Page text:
Interview - Will Armitage, Armitage & Sons managing director and Garden Centre Association president elect

Will Armitage takes on the chains of office at the Garden Centre AssociĀ­ation (GCA) from Peter Burks at the organisation's conference in late January with the remit to improve regional networking at the 200-garden centre trade body.

Will Armitage, Armitage & Sons managing director and Garden Centre Association president elect
Will Armitage, Armitage & Sons managing director and Garden Centre Association president elect

What plans do you have for your presidency?

My largest objective over the next couple of years is getting the regions back up to fighting strength. The GCA should be proud of being a networking opportunity for like-minded members. The conference (Blackpool, 26-29 January) is a great place to meet. The best information is that shared from other like-minded garden centre owners and operators. The strength of the membership is in its uniqueness and making sure members have the chance to get together and discuss what they’re doing well. I want to expand the membership and through stronger regional groups help members get more from membership. In the late 1990s and early 2000s that was very strong so it would be good for that to be reinvigorated.

What are your views on consolidation in the market?

Mixed. The new chief executive officer of the Garden Centre Group [Kevin Bradshaw speaking at 2013’s GCA conference] couldn’t believe how fragmented our industry was. We were surprised because we didn’t think that, because we do things together — we are a mass of independently-owned garden centres. There are still more privately-owned centres than those owned by groups and there’s room for both. I liken it to restaurants. The majority of food is bought from national organisations but the best restaurants are independent. It poses a threat and also an opp­ortunity but because we work together and communicate we help each other meet the challenges.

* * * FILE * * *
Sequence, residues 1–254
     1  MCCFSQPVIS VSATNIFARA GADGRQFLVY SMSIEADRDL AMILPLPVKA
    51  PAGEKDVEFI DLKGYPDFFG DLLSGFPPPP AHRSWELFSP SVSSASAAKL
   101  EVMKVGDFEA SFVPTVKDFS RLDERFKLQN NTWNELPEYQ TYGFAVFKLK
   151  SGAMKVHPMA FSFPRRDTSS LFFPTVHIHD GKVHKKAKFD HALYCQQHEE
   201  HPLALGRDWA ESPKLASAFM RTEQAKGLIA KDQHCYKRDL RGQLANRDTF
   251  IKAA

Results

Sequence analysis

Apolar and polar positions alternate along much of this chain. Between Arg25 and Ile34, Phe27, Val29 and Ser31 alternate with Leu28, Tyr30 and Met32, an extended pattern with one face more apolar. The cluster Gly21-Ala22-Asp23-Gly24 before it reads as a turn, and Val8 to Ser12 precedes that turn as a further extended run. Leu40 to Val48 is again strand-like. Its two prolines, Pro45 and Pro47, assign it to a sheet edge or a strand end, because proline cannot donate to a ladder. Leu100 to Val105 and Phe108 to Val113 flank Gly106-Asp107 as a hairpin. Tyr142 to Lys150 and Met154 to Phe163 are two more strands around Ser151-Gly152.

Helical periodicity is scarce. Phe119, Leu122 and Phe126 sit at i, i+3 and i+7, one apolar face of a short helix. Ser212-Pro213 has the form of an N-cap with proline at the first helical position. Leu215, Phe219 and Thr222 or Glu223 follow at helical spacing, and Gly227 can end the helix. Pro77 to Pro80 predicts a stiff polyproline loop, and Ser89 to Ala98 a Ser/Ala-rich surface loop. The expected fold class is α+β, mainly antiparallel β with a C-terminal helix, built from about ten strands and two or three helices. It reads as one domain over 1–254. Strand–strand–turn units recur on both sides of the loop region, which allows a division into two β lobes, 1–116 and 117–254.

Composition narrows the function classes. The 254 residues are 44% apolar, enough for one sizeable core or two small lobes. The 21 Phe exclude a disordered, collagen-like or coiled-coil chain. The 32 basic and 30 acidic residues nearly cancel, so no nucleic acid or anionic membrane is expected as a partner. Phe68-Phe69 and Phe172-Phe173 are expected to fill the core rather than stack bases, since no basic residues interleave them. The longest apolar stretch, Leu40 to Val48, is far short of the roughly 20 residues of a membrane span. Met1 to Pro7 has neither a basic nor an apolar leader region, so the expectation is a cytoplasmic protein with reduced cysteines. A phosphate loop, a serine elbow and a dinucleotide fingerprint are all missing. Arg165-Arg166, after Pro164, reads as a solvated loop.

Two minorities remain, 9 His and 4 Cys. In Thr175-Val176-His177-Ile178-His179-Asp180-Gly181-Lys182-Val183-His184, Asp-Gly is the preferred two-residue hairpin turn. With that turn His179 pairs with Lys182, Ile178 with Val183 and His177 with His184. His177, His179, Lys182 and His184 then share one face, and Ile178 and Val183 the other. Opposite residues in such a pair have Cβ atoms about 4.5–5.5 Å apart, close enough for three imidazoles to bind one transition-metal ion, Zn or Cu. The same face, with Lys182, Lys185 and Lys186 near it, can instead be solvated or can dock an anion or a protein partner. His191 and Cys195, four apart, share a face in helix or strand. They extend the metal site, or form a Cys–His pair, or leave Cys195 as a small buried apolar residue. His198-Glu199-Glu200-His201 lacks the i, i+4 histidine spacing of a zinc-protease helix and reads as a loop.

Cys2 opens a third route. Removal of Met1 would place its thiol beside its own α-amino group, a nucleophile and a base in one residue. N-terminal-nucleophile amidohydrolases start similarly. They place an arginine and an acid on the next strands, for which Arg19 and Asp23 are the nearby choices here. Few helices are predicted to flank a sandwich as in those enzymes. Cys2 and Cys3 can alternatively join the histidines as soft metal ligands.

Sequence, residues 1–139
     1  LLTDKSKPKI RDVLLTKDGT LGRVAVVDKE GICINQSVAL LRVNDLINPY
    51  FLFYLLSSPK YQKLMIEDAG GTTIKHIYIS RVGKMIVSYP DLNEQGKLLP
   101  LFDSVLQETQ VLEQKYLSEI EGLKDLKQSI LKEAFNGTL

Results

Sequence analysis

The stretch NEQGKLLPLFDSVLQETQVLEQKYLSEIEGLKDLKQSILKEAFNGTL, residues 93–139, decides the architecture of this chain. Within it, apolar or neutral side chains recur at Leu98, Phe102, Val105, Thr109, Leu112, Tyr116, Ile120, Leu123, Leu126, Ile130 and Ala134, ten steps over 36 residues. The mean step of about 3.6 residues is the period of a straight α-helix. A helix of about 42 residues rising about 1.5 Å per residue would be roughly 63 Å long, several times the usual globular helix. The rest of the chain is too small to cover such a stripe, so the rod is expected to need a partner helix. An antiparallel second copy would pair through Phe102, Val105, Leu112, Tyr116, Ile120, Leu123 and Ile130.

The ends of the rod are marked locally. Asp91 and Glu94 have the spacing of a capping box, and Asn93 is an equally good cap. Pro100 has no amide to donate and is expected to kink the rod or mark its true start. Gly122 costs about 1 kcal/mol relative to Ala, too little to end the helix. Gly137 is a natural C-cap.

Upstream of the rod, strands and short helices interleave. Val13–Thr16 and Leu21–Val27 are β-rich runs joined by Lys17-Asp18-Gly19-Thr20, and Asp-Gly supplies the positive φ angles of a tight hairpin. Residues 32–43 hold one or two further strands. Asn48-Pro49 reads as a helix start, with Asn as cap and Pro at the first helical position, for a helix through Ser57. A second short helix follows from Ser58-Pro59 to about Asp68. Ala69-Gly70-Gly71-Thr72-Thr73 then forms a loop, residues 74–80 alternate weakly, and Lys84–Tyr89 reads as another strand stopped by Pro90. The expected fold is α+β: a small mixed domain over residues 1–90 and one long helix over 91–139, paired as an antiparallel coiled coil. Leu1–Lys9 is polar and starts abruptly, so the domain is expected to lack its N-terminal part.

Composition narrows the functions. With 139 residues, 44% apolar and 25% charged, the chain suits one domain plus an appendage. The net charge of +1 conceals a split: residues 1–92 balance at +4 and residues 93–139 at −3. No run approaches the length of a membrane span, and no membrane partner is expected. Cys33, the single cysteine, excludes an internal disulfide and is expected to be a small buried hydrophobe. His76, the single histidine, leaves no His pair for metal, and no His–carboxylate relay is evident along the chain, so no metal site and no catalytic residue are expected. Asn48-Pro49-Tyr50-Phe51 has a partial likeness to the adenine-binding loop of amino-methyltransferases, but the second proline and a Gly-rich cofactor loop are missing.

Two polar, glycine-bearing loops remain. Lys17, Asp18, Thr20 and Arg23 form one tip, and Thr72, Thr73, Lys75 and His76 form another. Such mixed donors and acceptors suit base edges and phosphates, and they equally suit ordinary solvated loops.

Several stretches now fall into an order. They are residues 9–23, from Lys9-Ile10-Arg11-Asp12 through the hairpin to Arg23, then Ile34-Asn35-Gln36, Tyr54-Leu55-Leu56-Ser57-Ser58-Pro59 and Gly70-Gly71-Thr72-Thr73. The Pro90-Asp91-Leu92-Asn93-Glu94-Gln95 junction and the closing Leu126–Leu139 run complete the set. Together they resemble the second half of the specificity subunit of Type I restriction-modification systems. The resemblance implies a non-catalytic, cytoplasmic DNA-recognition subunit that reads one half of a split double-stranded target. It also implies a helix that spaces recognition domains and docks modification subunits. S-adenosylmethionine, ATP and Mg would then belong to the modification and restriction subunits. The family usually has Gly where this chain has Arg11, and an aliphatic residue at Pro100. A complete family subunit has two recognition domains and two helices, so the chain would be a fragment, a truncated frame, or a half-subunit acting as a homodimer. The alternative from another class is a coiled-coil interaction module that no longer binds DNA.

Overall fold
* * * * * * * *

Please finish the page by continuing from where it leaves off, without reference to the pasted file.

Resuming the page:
What is Iain Wylie’s role now that he is full-time chief operating officer?

He’s been pushing GROW [online training] and I’d like to see that continue, and I hope he will be getting the regions stronger and looking for other opportunities for the GCA to move into.

Will they be buying groups or something else?

That idea came and went a few years ago. When you’re dealing with fiercely independent companies, collaborating on that front is quite difficult. But never say never. Iain will look for other opportunities.

Did you sell more or fewer branded goods last year?

I don’t think a lot of garden centres realise how strong their own brand is. It’s often stronger than the brand they’re selling so there are opportunities for garden centres to push own-branded product.

How do you deal with suppliers, given last year’s glut of rejected orders?

We are committed to our bedding and nursery stock growers and always make sure we take everything we say we’re going to take. We perhaps under commit just in case. If people can work with growers on that front it will help everyone. It has to be a shared burden. We were able to hold back pre-ordered stuff but took it in the end. It helps that up north, when it’s cold, stuff doesn’t grow.

How well did your centres [Pennine and Birchencliffe in West Yorkshire] do in 2013?

We were four-to-five per cent up on the previous year.

How were your Christmas 2013 sales?

We had another good Christmas, slightly up on last year but Christ­mas trees were slightly down. We were up almost four per cent in 2013 overall. It’s a little disappointing sales are not back up to the heady days of 2011 but consumer confidence has to come back. We have to evolve with what the customer wants. Garden centres had done better than many areas of retail, though we could look at the multichannel offers of John Lewis and Next.

How do you see things going over the course of 2014?

Confidence is coming back. The consumer is getting more confident about making committed purchases and I’d like to think that bigger-ticket items will start to go again. More and more are going to the internet with more mundane products — things they don’t want to queue for at the garden centre. They’re coming to the centres for different reasons — leisure, catering and because it’s a nice place to shop. People still want to go to shops. They don’t want to go on the internet. All garden centres are seeing growth in food and we’re selling more instant planted products than ever, though there is a slow decline in bedding.

Will there be any new categories emerging?

No. When you’re coming out of a period of insecurity and things retracting, people go back to tried and tested and what’s safe.


1995 Farm worker, Waikaia Plains Station, New Zealand

1997-98 Sales assistant,
Barton Grange

1998-2005 Marketing director/manager, Armitage’s

2006-07 Sales, Round Green Farm Venison Company

2007 to date Managing director, Armitage & Sons

2014 to date President elect, Garden Centre Association (officially takes up office on 26 January)

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